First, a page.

Clinton: White House slow-walking Russia sanctions

Clinton: White House slow-walking Russia sanctions
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Hillary ClintonHillary Diane Rodham ClintonCohen once teased Hillary Clinton about going to prison. Now he's been sentenced to 36 months The Hill's 12:30 Report — Cohen gets three years in prison | Fallout from Oval Office clash | House GOP eyes vote on B for wall Contest offers 'Broadway play and chardonnay' with Clinton MORE accused President Trump's administration of slow-rolling the implementation of new sanctions on Russia, arguing that the president is emboldening the country after its meddling in the 2016 presidential election. 

"It’s the first time we’ve had an adversary attack us that we did not respond to," Clinton said Thursday during an event in Washington, D.C.
 
“Congress passed overwhelmingly new sanctions on Russia and Putin’s cronies, oligarchs and others, forcing the president to sign it, but he hasn’t implemented it. What’s the lesson from that? The lesson is you can get away with attacking America, sewing discord and divisiveness, affecting our elections and this president and administration are not going to hold you accountable.” 
 
Her criticism builds on bipartisan concern among lawmakers after the administration last month failed to list those who could be targeted by sanctions by an Oct. 1 deadline. The State Department ultimately released the list last week, more than three weeks later than specified by the law.  
 
Clinton made the comments at a packed reception at the Woman's National Democratic Club in D.C., where she accepted the group's "Democratic Woman of the Year" award. She spoke as part of an interview conducted by Sen. Diane Feinstein (D-Calif.), a former colleague of hers in the Senate. 
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A handful of notable faces could be seen spread among the crowd of enthusiastic supporters in the downtown townhouse, including former Sen. Barbara MikulskiBarbara Ann MikulskiAthletic directors honor best former student-athletes on Capitol Hill Dems ponder gender politics of 2020 nominee Robert Mueller's forgotten surveillance crime spree MORE (D-Md.) and the Rev. Jesse Jackson.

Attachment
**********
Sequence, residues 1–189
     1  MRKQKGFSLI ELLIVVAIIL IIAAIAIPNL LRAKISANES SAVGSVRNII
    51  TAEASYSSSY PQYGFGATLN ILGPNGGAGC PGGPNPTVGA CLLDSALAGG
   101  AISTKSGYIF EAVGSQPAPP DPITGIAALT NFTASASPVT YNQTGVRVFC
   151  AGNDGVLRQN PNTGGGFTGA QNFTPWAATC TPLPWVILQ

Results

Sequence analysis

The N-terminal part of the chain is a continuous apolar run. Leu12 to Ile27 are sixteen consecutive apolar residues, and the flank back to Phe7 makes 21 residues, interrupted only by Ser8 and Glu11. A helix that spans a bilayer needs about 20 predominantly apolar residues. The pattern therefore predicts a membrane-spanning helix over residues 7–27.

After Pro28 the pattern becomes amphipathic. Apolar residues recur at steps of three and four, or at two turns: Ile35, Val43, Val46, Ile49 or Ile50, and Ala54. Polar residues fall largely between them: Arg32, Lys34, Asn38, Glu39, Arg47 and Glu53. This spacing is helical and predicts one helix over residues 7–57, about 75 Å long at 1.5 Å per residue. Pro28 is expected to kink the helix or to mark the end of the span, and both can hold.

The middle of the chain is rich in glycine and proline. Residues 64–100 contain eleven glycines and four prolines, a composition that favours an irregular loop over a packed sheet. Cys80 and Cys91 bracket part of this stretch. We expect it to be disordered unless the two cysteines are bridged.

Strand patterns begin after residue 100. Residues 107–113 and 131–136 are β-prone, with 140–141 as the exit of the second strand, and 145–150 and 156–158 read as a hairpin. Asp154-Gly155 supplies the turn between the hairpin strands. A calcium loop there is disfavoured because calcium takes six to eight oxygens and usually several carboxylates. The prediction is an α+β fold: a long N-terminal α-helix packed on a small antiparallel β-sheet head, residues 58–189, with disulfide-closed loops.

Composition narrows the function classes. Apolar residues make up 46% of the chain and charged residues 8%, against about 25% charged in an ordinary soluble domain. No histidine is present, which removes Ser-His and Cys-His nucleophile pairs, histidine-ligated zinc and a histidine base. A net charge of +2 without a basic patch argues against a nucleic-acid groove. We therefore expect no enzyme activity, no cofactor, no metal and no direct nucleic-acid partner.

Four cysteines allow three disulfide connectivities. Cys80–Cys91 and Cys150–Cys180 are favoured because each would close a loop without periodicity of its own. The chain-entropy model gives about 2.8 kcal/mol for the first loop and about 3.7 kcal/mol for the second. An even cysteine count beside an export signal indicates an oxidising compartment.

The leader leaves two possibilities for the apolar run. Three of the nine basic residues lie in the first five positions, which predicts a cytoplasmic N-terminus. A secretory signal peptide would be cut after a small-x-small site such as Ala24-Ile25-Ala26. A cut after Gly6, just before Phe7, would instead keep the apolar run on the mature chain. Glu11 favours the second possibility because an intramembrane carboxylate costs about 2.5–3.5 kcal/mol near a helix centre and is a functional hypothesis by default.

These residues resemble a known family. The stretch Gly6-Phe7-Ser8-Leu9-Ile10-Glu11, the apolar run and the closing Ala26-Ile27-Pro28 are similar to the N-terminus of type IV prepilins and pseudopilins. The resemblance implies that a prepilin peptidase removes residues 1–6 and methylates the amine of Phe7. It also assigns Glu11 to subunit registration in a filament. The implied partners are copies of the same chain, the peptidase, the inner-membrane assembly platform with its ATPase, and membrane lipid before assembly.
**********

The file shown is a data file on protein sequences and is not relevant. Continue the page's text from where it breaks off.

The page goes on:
The former Democratic presidential nominee spoke at length about her analysis of what led to her electoral loss almost exactly one year ago. 
 
She blamed former FBI Director James Comey for her loss, due to his decision just days before the election to disclose that the agency found more emails pertinent to its investigation into her use of a private email server as secretary of State. To underscore that point, she rattled off the decline at the polls among key electoral groups in Pennsylvania. 
 
And while she argued that the weaponization of her emails scandal was a "very clear plan" by political opponents, she admitted that she wasn't sure "how witting Comey himself was." 
 
As she's done numerous times since the election, she highlighted a number of additional factors she believes kept her from the White House, including "the weaponization of WikiLeaks, turning them into fake news," as well as accusations of voter suppression. 
 
Riffing off the title of her book, "What Happened," Clinton said that America needs to get to the bottom of the election in order to prevent similar circumstances in the future. 
 
"It's not just about what happened, it's about what will keep happening if we don't stop it," she said.